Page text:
IAF Gets Permission To Fire At Naxals In Self-Defence

New Delhi: The IAF has got the government's permission to fire back at Naxals in extremist-hit areas in self-defence, highly-placed Air Force sources said on Thursday. The government's nod to the IAF's request made in
iaf gets permission to fire at naxals in self...
PTI 13 Aug 2010, 09:58 AM IST
New Delhi: The IAF has got the government's permission to fire back at Naxals in extremist-hit areas in self-defence, highly-placed Air Force sources said on Thursday.

The government's nod to the IAF's request made in September last year comes at a time when a debate is raging on whether India should use its armed forces against left-wing extremists, whom Prime Minister Manmohan Singh has described as the gravest internal security threat.

The IAF currently deploys two of its Mi-17s and two Dhruv helicopters in anti-Naxal operations. It had lost one of its personnel when a helicopter ferrying election officials and material during the Chattisgarh assembly polls was fired at by suspected Naxals a couple of years ago.

The government had given permission to the IAF to defend itself from the extremists' fire and had laid out conditions on the use of small arms in self-defence sometime in October-November last year.

Consequently, the IAF has fitted sideward-mounted machine guns on its helicopters flying in Naxal-affected areas basically for logistics, personnel transport and casualty evacuation of paramilitary forces engaged in fighting the Maoists, the sources said.

These guns would be operated by IAF commandos belonging to Garud units, who would be on board the helicopters every time they go out on sorties, the sources said.

Defence Minister A K Antony had told Parliament in November last year that though no offensive military action had been envisaged while using the IAF helicopters in anti-Naxal operations, there was no specific approval required for action in self-defence.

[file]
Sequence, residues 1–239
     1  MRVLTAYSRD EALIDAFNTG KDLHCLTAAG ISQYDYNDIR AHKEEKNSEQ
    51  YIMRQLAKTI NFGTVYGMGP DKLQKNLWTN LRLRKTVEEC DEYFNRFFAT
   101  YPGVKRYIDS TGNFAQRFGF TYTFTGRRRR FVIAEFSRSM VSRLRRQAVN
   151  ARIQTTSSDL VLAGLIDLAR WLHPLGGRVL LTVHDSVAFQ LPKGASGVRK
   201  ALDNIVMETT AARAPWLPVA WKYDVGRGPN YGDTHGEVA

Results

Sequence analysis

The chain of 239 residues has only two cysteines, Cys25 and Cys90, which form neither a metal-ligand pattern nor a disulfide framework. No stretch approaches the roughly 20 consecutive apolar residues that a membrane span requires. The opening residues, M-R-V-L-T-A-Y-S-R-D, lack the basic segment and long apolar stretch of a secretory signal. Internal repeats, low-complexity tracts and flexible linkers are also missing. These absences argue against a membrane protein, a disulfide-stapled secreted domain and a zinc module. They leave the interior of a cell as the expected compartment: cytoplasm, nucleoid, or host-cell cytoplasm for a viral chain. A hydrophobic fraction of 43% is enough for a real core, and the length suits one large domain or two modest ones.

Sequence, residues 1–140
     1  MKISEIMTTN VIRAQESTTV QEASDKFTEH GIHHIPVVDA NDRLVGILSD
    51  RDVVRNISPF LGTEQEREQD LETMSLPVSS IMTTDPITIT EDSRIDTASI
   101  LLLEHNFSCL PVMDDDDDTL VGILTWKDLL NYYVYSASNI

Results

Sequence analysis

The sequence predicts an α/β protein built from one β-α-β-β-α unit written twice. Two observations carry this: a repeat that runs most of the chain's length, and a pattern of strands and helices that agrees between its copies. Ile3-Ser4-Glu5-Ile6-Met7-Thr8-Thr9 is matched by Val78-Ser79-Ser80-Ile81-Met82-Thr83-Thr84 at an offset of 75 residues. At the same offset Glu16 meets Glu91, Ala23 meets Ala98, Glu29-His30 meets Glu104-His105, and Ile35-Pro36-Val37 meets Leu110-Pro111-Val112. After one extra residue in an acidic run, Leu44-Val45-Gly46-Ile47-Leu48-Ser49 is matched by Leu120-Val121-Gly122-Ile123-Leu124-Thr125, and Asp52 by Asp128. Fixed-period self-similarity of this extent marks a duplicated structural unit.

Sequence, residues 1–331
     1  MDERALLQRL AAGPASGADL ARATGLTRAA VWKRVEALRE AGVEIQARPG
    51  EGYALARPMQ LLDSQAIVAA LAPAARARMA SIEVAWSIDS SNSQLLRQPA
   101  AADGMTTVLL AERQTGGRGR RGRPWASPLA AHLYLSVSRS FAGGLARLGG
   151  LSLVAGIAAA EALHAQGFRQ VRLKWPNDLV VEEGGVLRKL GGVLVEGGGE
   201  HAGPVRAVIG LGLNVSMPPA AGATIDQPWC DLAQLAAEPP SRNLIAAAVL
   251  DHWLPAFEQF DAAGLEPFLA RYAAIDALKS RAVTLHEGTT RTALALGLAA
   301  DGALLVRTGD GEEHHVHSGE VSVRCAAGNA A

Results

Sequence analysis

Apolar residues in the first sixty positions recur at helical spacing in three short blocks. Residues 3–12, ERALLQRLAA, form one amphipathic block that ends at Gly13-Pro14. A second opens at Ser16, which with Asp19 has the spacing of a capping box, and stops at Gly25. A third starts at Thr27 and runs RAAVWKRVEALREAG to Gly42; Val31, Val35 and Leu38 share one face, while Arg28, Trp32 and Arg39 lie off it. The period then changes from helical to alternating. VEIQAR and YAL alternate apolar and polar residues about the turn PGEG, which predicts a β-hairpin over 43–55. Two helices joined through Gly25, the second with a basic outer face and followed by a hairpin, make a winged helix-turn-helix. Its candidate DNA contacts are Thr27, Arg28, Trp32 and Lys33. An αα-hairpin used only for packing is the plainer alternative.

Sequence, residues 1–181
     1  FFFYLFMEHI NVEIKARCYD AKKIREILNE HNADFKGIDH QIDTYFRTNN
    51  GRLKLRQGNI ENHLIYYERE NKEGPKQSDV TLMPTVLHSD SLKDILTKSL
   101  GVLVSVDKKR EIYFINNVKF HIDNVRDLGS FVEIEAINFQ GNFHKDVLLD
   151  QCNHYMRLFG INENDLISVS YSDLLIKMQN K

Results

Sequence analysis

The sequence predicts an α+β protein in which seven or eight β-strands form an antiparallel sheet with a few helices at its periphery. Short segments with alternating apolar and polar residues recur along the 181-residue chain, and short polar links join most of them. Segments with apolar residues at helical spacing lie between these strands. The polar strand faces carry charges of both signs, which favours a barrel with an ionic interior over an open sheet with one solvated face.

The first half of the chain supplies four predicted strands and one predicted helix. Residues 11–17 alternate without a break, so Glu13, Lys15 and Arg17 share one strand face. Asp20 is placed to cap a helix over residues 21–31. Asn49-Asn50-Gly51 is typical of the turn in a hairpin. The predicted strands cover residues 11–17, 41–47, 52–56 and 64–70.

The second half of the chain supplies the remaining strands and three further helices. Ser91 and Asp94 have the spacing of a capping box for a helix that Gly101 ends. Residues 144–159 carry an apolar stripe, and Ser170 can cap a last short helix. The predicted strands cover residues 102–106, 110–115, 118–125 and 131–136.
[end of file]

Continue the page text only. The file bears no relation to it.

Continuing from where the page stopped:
However, the IAF has proposed a draft 'Rules of Engagement' to regulate such action, in order to avoid any ambiguity and damage to the helicopters or injury to their occupants, he had said replying to members' questions.

Among the conditions laid out were that no indiscriminate firing should be carried out and that the Garuds should be sure of the source of the attack on the helicopters before retaliatory fire was unleashed.

These guidelines were issued to ensure there were no civilian causalities in case the IAF used its guns in self-defence, the Defence Ministry had explained then.

"The IAF helicopter crew will not use the conventional heavy fire power weapons such as rockets and other guns on board, but only the sideward-mounted machine guns. They will use the weapons only if fired upon," the sources said.

"Fortunately, in these months that we have been allowed to defend our assets, there has been no occasion when we had to use the sideward-mounted guns," they said.
 
   
 

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